It might mean to die literally as Jesus and so many others have done – to be a martyr for the cause of God’s dream for the world, to be hung on a cross, eaten by lions, tortured on the rack or the wheel, burned at the stake, investigated by the FBI, crucified in the press,or thrown in jail, etc. Not many of us are called to this extreme of sacrifice.

At the personal level it may mean to die to your old life, to let loose of old ways and take up new ones. These would affect all areas of life, including politics, life style, personality, and religious practice. All of us are called to this path of personal transformation.

This may not sound so hard compared to physical death, but it is still very hard work. For one thing, any time you try to change your ways, you have to put up with backsliding and disappointment in yourself. This is not pleasant!

It means giving up old pleasures, often before the new ones are evident. You have to give up eating to loose weight for quite some time before you experience the pleasure of having a lighter body, wearing better clothes, or feeling good when you look in the mirror. It’s not easy to stick with the program!

When we change our lives, we often experience the displeasure of friends or family, who don’t want us to change. What must Peter’s wife have felt when he gave up fishing and went off to follow Jesus?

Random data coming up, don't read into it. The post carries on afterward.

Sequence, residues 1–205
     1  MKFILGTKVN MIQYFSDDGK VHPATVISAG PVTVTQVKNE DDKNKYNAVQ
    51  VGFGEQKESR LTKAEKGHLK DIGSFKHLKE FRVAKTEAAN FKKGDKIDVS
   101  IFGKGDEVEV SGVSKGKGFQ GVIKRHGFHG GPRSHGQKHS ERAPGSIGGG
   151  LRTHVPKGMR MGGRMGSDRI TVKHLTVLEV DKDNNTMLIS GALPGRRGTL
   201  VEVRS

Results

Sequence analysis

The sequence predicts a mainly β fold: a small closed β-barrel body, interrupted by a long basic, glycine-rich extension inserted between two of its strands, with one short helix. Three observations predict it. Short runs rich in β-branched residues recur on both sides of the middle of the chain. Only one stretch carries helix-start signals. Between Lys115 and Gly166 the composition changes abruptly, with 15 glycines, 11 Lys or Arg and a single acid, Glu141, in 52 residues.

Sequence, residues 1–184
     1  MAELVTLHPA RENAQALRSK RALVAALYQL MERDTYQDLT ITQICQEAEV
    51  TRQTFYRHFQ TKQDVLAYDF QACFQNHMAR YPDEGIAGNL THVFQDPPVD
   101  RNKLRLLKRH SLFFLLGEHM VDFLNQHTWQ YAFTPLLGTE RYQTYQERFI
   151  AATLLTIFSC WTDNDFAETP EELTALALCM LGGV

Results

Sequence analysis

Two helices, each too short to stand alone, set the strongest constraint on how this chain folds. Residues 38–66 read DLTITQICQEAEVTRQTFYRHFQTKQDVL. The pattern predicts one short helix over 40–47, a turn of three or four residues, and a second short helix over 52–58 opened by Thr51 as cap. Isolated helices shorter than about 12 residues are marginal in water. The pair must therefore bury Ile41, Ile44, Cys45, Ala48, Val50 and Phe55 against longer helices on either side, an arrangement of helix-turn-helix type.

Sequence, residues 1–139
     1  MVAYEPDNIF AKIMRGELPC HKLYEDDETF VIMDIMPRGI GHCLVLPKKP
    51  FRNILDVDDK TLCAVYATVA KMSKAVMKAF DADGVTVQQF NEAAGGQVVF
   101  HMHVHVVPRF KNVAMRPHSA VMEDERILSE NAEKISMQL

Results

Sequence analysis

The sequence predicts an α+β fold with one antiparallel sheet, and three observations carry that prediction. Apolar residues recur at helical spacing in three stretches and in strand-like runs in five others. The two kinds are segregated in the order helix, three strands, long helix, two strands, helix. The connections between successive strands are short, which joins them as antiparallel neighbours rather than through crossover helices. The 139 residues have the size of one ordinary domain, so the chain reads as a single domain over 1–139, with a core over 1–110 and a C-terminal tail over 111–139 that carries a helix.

Reading the Gospels seriously has changed my political point of view, which has pretty much made me a traitor to my family, and at least in their view, to my class. We still see each other, but cannot talk about it, and I know that my move to the left, the liberal, and the progressive is both a puzzle and an affront to them. It’s an uncomfortable wedge in our relationships. And giving up old friendships, even while forging new ones, is a painful process. This is often the price we pay for growing up.

The earliest name for Christians was “followers of the way.” They understood that they were to follow the way of Jesus, meaning to follow his example, to follow his teachings, but also to follow him in the journey to Jerusalem and through death to resurrection. As Borg puts it, this journey to Jerusalem is a metaphor for the inner journey of transformation that is at the heart of the Christian life. That is, that we work to die to our old ways of selfish self-interest and rise into new life of service to others.

But we are also called to change the world, just as Jesus attempted to do. That means speaking truth to power, and in this country in this time, it means speaking against the power of empire, against greed, against fear, and against violence and injustice.

And finally, Borg suggested that we don’t get discouraged by the size of the problems. Instead, think of the whole world as a patch-work quilt. All we have to do is make our own patch better. We can give our time and energy to improving our piece of the planet in any number of ways. If we are blessed with more than we need we can give money or goods to help others work toward economic justice and peace. And we can all vote for candidates who most closely reflect our desire for a better neighborhood, where everyone has enough, and everyone understands and respects their connections to one another.

God won’t create this kind of world for us, and we can’t do it without God. But working together we can make our patch shine. To quote Sam, “Go forth into the world and change it!”